For years, if we’re honest, many of us have invoked the words “Danish Modern” without really knowing where it came from or what it looked like. Many times we see something that looks different – a sofa with splayed legs, for instance – and say that it’s “Danish Modern-inspired.” And it may very well have been. But who inspired Danish Modern itself?
Let’s just answer that question in brief this time – perhaps we’ll get into it a bit more in another post – by saying that Hans Wegner (1914-2007) had as much to do with Danish Modern as Rachmaninoff had to do with the Romantic period. He epitomized it.
Wegner’s introduction to the furniture industry sounds very similar to many of his contemporaries on both sides of the Atlantic. It’s almost like the greats of modern design “fell” into fame. They went to design schools like the Bauhaus, Cranbrook, and – as Wegner did – what is now known as the Danish Design School. They began to work with others who were experimenting with new forms and materials, got contracts to create high-profile installations, started their own studios. In Wegner’s case, he designed the furniture for the Arne Jacobsen-designed Aarhus Municipal Hall.
After completing that project and starting his own company, he ended up designing a broad range of furniture – mostly chairs – for a variety of Danish manufacturers. We’ll look at two of his designs, and this weekend we’ll profile a third in greater detail.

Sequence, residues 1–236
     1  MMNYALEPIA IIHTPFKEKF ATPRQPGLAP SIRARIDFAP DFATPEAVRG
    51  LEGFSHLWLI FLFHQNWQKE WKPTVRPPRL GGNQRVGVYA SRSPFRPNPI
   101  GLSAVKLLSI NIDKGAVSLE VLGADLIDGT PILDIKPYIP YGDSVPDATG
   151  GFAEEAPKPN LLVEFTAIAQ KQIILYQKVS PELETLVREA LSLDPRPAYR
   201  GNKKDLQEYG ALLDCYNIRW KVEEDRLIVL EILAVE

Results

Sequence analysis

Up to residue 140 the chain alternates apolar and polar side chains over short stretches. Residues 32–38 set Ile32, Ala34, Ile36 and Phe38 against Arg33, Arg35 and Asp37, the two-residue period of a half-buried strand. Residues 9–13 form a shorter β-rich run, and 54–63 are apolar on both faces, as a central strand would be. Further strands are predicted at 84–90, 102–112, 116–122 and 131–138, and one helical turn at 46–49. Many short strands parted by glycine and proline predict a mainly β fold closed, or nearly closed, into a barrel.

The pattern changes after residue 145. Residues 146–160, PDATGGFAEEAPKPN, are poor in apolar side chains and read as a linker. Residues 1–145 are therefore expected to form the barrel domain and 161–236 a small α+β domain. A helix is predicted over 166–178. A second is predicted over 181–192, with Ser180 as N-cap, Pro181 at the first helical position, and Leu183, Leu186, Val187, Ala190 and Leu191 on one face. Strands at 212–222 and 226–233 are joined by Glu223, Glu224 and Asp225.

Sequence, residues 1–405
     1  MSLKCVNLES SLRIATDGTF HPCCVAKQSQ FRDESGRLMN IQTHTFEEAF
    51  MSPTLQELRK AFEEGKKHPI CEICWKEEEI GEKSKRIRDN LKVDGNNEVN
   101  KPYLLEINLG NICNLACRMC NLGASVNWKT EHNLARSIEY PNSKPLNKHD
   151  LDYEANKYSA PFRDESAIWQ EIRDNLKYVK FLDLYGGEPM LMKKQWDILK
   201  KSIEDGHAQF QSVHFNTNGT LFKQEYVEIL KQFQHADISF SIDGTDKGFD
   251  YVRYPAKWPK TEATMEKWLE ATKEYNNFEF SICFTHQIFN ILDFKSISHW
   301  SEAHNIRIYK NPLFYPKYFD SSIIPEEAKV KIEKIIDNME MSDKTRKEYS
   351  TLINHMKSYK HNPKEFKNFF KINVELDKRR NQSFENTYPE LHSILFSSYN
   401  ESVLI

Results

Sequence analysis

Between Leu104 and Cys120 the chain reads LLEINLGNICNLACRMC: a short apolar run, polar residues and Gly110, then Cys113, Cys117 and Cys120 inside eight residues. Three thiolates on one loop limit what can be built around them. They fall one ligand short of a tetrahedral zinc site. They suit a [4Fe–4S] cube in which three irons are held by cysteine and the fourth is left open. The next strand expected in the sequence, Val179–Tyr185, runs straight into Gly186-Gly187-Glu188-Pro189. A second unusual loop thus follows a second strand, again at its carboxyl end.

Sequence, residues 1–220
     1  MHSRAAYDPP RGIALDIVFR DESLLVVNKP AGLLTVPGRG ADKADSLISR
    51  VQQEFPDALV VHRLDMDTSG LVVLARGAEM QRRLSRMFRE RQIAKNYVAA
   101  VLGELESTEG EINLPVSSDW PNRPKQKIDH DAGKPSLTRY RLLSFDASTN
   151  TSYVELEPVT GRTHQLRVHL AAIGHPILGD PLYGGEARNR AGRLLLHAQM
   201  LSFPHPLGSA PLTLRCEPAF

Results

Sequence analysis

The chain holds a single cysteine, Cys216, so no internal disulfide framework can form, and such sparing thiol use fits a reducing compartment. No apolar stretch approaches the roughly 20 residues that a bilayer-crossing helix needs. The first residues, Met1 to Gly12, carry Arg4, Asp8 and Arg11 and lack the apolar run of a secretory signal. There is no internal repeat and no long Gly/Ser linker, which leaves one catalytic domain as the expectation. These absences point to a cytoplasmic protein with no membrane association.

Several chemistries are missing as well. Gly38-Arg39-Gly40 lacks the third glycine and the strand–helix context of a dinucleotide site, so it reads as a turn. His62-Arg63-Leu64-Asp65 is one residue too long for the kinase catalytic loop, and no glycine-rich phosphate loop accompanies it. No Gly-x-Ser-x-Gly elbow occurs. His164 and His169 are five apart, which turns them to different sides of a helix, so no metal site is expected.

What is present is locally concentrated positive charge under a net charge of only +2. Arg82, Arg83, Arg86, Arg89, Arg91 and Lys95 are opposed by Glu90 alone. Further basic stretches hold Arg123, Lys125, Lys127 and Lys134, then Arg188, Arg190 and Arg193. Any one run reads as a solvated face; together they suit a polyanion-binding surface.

Though it was introduced in 2005, the Elbow Chair was actually designed by Wegner in 1956. It embodies his desire to create simple objects with form and function combined. Wonderfully suited for use as a dining chair, the Elbow Chair is beautiful enough to enhance any room as a side chair. Its combined backrest/armrest was a Wegner staple throughout most of his career. He kept returning to the concept of “chair” in an attempt to strip it down to its barest essence, emphasizing function while retaining beauty when viewed from all angles.
Introduced in 1963, the Shell Chair was skeptically met at first. After being shelved after a few limited editions were produced, the Shell Chair was relaunched in 1997 and finally got the attention it so obviously deserves. Then, as if to prove its popular acceptance and pedigree, one of the original Shell Chairs from the 1960’s sold for $20,000 at Christie’s in London in 1999.
The Shell Chair’s seat and back are made of form-pressed plywood shells. Its three legs are also made from laminated plywood – the two front legs are one continuous piece that wraps under the seat, and the rear leg is a separate piece. To enhance the chair’s comfort, Wegner added two upholstered cushions which are fastened to the shell with screws from the back and bottom.
Hans Wegner’s design prowess is as unmistakable as that of his contemporaries. But in terms of simplicity and clean, organic lines, he is unsurpassed. You can see more of his designs in the Carl Hansen collection at Smart Furniture.